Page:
Review: Sleepaway Camp III: Teenage Wasteland (1989)

Sleepaway Camp III: Teenage Wasteland

Directed by Michael A. Simpson
Starring Pamela Springsteen, Tracy Griffith, Cliff Brand, Michael J. Pollard

If the “slasher boom” began with Halloween in 1978, then where did it end? One could argue that the genre’s heyday ended with Slumber Party Massacre‘s attempt at feminist critique in 1982, but slasher films continued to enjoy popularity well into the ’80s, with endless sequels of Friday the 13th and Halloween hitting cinemas each year as well as a new franchise, A Nightmare on Elm Street, making its first appearance in 1984. If the genre indeed died, then it obviously did so with a whimper instead of a bang.

Sleepaway Camp III may as well have been that whimper. As the third in a series of increasingly varied entries into the horror canon, it strives not to scare like the original Sleepaway Camp or incite laughter like II, but instead makes obvious its belief that slasher movies are dumb and their fans are even dumber. Like Scream would in seven years’ time, Sleepaway Camp III skewers the slasher genre by making pointed reference to its formula and mocking its inanities, but instead of using this metacommentary to elevate itself above the genre (as Scream attempted to do), it simply wallows in the stupidity, finding neither joy nor humor in its paint-by-numbers plotline and lazy use of stereotypes. It’s a slasher movie made by people who hate slasher movies.

Filmed directly after Sleepaway Camp IIIII retains that entry’s creative team (director Michael A. Simpson and writer Fritz Gordon) and star (Pamela Springsteen). But the wit and gleeful abandon present in II is nearly nonexistent in III, its absence made obvious by Springsteen’s antagonist’s emotionless demeanor and tired, airless one-liners. While II critiqued and lampooned the genre’s celebration of pointless violence by indulging itself in even more pointless violence, III is less interested in being clever and more interested in rubbing its viewers’ faces in every cliché and stereotype it can muster. This general sense of animosity may have been caused by the situation the filmmakers found themselves in: As Simpson writes, “SC3:  Teenage Wasteland was a bit rushed. We had very little preproduction time, essentially one weekend, so it did not turn out as well. Also, I don’t think the script was as polished as Unhappy Campers [Sleepaway Camp II] was.”

Much of the blame for the film’s joylessness lies within the trappings of the genre itself. In the middle of her killing spree, Angela interrogates a fellow camper:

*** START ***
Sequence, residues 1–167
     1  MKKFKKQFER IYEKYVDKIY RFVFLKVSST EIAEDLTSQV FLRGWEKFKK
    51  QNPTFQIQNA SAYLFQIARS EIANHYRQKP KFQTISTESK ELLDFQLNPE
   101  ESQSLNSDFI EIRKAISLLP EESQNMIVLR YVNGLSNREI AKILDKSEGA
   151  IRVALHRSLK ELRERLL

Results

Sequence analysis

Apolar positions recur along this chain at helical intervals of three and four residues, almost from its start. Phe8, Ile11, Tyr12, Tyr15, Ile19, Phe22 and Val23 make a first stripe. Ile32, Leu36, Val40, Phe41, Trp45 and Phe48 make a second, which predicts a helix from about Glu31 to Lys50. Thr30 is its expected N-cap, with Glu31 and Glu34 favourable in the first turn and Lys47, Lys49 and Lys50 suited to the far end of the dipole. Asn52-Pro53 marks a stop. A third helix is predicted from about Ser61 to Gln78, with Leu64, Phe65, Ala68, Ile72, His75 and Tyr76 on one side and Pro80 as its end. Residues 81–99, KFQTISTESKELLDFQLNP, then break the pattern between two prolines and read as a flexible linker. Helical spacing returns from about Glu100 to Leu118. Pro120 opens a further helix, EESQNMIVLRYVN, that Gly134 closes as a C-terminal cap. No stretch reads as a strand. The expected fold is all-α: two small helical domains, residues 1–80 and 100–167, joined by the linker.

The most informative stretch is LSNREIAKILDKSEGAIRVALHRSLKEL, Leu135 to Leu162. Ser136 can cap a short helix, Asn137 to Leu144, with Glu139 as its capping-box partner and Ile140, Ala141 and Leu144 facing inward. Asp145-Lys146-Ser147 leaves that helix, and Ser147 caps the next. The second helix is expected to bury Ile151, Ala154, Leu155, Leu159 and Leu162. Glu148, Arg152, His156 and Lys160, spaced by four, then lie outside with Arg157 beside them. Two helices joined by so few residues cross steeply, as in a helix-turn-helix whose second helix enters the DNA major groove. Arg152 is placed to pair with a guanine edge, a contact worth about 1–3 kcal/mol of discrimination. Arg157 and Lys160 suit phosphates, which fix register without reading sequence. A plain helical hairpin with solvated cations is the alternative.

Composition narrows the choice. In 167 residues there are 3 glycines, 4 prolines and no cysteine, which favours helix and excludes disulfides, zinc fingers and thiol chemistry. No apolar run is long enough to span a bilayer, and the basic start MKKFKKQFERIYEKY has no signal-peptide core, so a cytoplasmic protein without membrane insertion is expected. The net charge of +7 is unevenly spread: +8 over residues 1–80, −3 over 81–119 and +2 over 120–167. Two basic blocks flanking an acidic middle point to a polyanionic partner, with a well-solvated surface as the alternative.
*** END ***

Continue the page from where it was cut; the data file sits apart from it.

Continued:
“Are you a cheerleader?”
“Are you a virgin?”
“Do you do drugs?”
“Doesn’t everybody?”

With a sigh, Angela proceeds to hoist the girl up a flagpole before dropping her to her death. This “checklist” is a winking reminder to the audience that the victims in slasher movies are those who have sex and/or abuse drugs. While her motives are somewhat clear in this instance (her fear of sex drives her to murder anyone who appears to enjoy it), they’re unclear for most of the film’s running time, as she simply goes through the motions of discovering the campers’ secret sins (one kid happens to enjoy S&M, another likes firecrackers (?)) and uses them as an excuse for murder. By 1989, the slasher formula was so bloated and used-up that its original intentions were lost. In no other film is this sad fact made more obvious.

Like most of its peers, Sleepaway Camp III engages in postmodernism: Angela snags a hockey goalie’s mask with a fishhook and exclaims, “There’s a lot of trash in this lake!” prompting another character to mention that the date is “Saturday the 14th.” If the Friday the 13th movies are “trash,” then Sleepaway Camp III is the mold growing on the surface. Later in the film, Angela reminisces about the events that took place in Sleepaway Camp II. On top of giving the filmmakers extra footage with which to pad the film’s running time, this oddly bittersweet scene implies that anything original or enjoyable that sprung from the advent of the slasher genre has been dried up, leaving nothing but memories and endless rehashes of the same material, over and over and over again. Angela repeatedly makes offhand references to her habit of murdering campers, as if it’s a trap she can’t escape from. That trap is the slasher genre itself.

While SCIII repeats the hypersexualization found in the first two entries, it finds new, more questionable themes in its repeated instances of casual racism and stereotyping. There are no characters to be found this time around, only archetypes set up to be slaughtered like an especially easy game of Whack-A-Mole. The campers are literally introduced by a news reporter, providing the film’s audience with a name and optional racial stereotype. While this may be pointed criticism of the disposability of teenagers in slasher films, it simply feels lazy and mean-spirited. On top of this, the nonwhite campers are all gang members prone to acts of violence and racially-charged conflict. This may be a purposeful parody of horror movie archetypes, but it neglects to offer anything insightful about the treatment of race in popular horror films, instead allowing its characters to merely parrot tired, overused, race-relegated roles.

The death of the slasher film was released direct-to-video in 1989 under the title Sleepaway Camp III. From first frame to last, it indicts the genre by holding a mirror up to its most problematic and lazy tendencies, all the while refusing to allow itself reprieve from the exposed banality. The first line of the end credits song is “Are you having fun?” The only possible answer to this question is “no.”


Netflix – Sleepaway Camp III
YouTube – Home Video Trailer
Michael A. Simpson Interview


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